Monday, February 15, 2010

I've been enjoying the photos of snow-dyed fabrics from various quilters on the Artquilt list and just had to try it myself!

My results, however, are not as fabulous as those others have created. The bin above produced the fabric in the photo above and the two immediately below.

It's OK, but not as dramatic as I had hoped—and this is the better of the two bins.

This does NOT mean I am defeated, though. This was merely the first trial. Maybe the snow layer was too thick. There was a lot of liquid in the bin after the snow finally melted.

The second bin (above) had two shades of blue and two green.

This is the piece of fabric from that bin. There is a lot of space with little or nothing on it.

I really do like this texture, but it's like a little island in the ocean. Only an occasional spot of color.

One artist did the dyeing on a screen, rather than in a bin, so the fabric didn't sit in liquid. Maybe that's the secret.

Any suggestions?

Sunday, February 14, 2010

This is a padfolio I made for Tote Tuesday. It will be in the auction to benefit the American Cancer Society on February 23 and is in the tote called Color Me Bright.

The padfolio is made of a base of rust-dyed fabric with photographs of trees printed on it to represent a woods. The fairy is from a Dover clip art collection, and the ancient writing (Tamil) is from a photograph of the text cut into stone.

Sorry about the unlined text. I accidentally hit a keyboard command and don't know how to turn the darned thing off!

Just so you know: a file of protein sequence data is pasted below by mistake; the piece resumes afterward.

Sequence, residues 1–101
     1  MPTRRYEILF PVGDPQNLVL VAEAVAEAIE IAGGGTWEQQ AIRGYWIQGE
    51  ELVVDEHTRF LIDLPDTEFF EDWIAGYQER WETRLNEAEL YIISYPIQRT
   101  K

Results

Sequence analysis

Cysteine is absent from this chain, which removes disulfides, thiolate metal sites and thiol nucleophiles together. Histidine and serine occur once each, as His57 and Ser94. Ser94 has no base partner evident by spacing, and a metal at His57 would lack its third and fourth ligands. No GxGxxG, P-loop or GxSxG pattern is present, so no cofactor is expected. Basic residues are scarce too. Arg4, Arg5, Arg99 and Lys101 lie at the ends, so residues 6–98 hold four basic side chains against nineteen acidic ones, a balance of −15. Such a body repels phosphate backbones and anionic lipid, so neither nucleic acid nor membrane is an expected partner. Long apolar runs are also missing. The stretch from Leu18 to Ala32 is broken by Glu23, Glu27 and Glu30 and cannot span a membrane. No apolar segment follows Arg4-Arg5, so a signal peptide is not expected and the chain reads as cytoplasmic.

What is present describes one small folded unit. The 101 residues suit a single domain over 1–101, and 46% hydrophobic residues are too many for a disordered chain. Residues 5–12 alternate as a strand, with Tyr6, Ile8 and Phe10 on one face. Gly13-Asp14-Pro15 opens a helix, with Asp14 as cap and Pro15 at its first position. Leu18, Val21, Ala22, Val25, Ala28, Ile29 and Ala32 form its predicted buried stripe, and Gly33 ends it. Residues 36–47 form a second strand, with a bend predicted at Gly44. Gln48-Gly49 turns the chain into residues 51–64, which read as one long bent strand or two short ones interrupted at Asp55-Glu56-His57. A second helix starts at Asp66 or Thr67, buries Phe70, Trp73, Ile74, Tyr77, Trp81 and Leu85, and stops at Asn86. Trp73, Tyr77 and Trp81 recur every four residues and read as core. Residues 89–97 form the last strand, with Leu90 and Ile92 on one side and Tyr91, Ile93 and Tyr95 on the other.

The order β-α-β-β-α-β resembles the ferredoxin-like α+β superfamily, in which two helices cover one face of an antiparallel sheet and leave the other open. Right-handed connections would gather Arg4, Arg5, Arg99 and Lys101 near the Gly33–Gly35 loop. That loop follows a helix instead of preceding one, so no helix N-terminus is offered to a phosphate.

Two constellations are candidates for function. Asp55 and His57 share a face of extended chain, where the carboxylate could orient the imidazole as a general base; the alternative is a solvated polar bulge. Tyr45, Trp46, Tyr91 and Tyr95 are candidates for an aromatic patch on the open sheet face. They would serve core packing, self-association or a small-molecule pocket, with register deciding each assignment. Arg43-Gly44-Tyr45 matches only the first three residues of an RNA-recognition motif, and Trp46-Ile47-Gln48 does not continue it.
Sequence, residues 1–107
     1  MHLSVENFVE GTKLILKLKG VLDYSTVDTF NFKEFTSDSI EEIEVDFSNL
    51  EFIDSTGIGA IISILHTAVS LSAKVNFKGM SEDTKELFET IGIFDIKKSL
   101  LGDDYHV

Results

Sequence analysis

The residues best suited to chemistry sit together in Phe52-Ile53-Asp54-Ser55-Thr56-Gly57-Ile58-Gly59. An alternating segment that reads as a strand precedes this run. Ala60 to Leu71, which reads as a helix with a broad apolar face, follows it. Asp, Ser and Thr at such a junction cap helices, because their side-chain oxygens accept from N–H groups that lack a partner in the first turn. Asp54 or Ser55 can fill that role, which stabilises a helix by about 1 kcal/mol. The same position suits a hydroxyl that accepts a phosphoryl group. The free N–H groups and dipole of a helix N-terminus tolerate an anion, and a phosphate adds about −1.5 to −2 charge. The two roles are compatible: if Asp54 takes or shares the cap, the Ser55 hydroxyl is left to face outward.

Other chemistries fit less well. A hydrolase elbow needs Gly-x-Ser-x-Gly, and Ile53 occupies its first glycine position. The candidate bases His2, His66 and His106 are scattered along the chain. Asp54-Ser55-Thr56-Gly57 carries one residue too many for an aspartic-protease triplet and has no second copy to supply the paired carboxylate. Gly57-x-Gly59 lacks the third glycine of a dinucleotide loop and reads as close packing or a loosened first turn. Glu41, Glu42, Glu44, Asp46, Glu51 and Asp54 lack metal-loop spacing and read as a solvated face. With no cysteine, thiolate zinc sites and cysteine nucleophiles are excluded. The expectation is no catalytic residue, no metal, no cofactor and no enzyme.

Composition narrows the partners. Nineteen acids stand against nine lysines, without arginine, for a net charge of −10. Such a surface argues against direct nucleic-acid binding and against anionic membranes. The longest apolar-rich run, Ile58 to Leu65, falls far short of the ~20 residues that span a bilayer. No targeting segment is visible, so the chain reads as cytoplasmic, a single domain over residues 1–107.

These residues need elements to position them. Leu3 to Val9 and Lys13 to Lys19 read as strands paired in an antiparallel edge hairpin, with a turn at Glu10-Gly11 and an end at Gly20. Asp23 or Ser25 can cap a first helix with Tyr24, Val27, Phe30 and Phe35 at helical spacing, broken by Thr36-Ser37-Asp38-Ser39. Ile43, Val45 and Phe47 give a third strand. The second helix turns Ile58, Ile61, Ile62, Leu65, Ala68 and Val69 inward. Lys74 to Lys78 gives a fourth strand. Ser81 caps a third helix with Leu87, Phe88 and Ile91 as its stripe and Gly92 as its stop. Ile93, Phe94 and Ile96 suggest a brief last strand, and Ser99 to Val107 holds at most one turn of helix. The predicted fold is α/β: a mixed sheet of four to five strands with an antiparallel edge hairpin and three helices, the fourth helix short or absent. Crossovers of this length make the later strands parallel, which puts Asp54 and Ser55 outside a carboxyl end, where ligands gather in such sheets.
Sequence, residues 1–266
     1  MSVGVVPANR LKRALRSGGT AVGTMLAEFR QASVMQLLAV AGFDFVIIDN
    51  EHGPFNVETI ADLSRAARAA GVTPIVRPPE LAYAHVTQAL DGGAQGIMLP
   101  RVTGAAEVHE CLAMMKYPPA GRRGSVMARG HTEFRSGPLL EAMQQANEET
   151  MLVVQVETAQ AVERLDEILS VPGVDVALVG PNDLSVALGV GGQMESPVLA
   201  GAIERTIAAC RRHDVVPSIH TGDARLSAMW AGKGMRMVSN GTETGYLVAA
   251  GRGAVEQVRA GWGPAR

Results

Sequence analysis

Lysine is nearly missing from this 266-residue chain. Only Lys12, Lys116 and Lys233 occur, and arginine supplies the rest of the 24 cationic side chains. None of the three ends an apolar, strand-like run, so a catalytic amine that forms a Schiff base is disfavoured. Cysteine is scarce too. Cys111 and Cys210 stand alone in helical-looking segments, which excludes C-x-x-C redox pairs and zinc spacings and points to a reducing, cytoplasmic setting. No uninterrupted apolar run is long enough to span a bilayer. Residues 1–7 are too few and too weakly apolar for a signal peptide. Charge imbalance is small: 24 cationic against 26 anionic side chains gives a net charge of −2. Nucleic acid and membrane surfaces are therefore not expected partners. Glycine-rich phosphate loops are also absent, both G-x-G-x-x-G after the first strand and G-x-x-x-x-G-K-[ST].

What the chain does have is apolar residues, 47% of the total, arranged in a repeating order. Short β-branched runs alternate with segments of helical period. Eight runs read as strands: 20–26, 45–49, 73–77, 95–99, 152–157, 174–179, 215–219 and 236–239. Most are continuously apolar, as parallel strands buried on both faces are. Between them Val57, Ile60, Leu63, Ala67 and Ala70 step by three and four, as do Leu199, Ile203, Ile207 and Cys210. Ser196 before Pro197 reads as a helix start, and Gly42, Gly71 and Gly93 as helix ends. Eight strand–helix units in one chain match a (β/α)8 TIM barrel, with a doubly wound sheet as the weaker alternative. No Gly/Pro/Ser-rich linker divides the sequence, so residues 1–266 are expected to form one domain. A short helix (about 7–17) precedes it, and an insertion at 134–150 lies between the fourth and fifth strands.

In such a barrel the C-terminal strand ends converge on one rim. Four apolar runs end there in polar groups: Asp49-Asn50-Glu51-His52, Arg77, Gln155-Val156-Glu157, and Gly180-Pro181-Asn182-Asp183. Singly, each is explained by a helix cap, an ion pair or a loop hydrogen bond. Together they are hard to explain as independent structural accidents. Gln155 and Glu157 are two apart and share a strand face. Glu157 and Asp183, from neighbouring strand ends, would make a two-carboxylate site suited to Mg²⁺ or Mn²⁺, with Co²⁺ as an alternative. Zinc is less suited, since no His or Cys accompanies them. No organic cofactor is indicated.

I've stitched on the trees to give them definition and texture.

The photo doesn't show the gold paint on the words and around the fairy's head very well, but it is WAY COOL! I made the gold fabric paint from Earth Safe Finishes gold metallic powder + Colorant + Fabric Magic!

This is something I've been experimenting with the past couple of weeks. I mix the paint and pour it into a shell or small container to dry into a cake and then rehydrate it, like watercolor cakes/pans. If I use water alone to rehydrate the paint it is gorgeous on paper. If I use water and Fabric Magic, it is permanent on fabric!

It's true! I'm so excited!!!!

The proportions in the cake still need a little finessing to eliminate cracking as it dries, but the recipe should be ready for revealing in a few weeks. So, stay tuned!

The closure is a drilled beach stone with Velcro underneath to hold the flap in place when it's inside your purse or tote.

I am so grateful to Virginia Spiegel for giving us the opportunity to help the ACA! It is so comforting to know you are able to contribute in this manner.

We've all been touched by cancer in some manner or other. How many times have we felt powerless to personally fight cancer? This is very empowering for those who contribute the artwork and for those who bid and purchase the totes.

I hope you will visit Virginia's blog to see the wonderful totes and bid on the totes—especially Color Me Bright tote on Tuesday, February 23!

You can see and read more about Tote Tuesday on Virginia's blog. Here's a link

Tuesday, February 9, 2010